For JC colour mag August 2022
When Baron Ferdinand de Rothschild died suddenly and unexpectedly on his 59th birthday, in December 1898, the JC devoted many columns to praising this most unusual man — an MP, a Justice of the Peace, a deputy lieutenant and High Sheriff of Buckinghamshire, an ardent Freemason and a director of the London, Brighton and South Coast Railway.
Undoubtedly, however, Baron Ferdinand’s greatest achievement was the building of probably the greatest country house in England, Waddesdon Manor, and stocking it with the most magnificent art collection which remains, under the curation of the National Trust and the Rothschild Foundation, a major attraction today.
Baron Ferdinand’s passion for Waddesdon was continued after his death by his sister, known almost universally as “Miss Alice”, who divided her time between Waddesdon and her south of France villa, which she named in honour of Queen Victoria.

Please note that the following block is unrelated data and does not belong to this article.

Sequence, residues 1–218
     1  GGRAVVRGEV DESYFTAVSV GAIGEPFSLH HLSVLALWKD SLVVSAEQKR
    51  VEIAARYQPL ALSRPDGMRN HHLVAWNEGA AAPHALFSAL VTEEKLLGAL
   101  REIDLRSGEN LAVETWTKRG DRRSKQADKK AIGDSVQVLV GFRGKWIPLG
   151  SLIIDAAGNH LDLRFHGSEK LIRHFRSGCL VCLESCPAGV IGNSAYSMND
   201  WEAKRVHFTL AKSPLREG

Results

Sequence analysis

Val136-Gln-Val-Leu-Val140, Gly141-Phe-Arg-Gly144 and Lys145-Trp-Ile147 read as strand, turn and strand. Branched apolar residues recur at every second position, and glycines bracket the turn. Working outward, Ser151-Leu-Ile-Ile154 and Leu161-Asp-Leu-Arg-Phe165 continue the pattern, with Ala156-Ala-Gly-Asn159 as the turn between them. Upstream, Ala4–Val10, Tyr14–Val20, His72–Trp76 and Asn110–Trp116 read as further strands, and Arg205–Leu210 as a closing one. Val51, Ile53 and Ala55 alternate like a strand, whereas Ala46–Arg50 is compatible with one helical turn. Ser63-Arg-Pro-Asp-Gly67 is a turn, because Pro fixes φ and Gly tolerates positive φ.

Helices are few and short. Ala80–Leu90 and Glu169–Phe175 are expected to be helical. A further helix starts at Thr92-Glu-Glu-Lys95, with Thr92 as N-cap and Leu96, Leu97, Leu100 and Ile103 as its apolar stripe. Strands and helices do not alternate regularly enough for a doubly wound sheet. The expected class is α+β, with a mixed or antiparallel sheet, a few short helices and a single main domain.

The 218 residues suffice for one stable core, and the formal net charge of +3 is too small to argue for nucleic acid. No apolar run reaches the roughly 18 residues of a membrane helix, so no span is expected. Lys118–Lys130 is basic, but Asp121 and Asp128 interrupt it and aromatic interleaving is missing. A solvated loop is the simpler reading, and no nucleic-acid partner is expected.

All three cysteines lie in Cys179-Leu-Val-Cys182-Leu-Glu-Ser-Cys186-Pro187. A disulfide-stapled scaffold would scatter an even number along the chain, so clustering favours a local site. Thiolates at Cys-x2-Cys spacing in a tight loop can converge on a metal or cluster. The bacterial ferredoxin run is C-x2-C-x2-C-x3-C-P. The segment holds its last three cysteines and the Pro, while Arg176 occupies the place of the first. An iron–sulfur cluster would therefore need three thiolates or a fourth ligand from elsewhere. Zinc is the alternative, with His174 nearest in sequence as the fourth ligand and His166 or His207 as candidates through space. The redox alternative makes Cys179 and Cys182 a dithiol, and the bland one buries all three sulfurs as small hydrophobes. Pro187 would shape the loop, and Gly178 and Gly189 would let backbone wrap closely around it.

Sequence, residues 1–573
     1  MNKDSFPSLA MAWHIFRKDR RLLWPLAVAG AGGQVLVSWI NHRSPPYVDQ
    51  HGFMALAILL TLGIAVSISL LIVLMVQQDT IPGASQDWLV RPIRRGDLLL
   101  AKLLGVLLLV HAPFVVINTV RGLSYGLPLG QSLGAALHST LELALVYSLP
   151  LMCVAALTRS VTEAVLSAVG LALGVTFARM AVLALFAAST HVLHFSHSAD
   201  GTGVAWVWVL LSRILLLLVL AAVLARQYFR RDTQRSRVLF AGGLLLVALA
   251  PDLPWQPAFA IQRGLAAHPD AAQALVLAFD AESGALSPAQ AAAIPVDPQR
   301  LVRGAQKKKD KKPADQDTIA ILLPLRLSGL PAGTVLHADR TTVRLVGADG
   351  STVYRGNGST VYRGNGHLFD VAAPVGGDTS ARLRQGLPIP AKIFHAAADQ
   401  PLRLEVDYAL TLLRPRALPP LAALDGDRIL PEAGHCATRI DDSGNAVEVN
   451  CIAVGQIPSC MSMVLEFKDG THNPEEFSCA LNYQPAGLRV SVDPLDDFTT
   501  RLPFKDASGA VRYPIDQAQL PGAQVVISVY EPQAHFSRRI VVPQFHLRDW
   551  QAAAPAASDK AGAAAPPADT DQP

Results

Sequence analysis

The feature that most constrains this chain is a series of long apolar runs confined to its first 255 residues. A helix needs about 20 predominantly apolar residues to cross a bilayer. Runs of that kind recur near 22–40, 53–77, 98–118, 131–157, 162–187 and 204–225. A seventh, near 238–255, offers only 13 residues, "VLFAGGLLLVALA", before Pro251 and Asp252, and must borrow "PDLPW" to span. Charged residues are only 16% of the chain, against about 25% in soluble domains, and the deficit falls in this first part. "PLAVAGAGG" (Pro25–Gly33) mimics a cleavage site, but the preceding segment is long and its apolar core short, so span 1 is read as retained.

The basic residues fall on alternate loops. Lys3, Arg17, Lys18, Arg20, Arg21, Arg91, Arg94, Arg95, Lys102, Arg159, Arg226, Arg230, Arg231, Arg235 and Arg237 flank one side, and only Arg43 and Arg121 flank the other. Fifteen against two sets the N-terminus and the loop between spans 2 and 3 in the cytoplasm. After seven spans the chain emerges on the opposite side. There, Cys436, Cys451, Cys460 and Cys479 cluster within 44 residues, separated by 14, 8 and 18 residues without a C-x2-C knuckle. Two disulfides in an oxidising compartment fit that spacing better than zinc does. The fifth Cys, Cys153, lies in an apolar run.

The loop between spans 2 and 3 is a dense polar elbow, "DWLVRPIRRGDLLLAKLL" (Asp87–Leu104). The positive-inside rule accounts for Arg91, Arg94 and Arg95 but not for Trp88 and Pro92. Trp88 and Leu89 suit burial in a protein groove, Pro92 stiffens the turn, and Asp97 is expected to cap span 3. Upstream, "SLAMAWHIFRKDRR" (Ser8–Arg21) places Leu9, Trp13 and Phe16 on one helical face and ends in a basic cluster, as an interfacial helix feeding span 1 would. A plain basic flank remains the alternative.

The Queen, in fact, like later members of the royal family, admired Waddesdon and paid an unprecedented visit to the house in 1890 to see for herself what all the fuss was about. Apparently, she was fascinated by the state-of-the-art electric lights and asked for them to be turned on and off repeatedly. It seems, from Michael Hall’s book, Waddesdon Manor – The Heritage of a Rothschild House, that among the household staff, there to look after only the baron and his sister, there was one servant specifically described as “attendant for the electric light”.
Hall lists the rest of the 24-strong indoor staff: “In 1891, Waddesdon Manor was home to a steward (a post usually described as a butler), a housekeeper, a cook, a kitchen maid, two scullery maids, two still-room maids, an under butler, eight housemaids, two footmen, a porter, a needlewoman, an odd [job] man, and a hall boy (for carrying luggage and other minor duties)”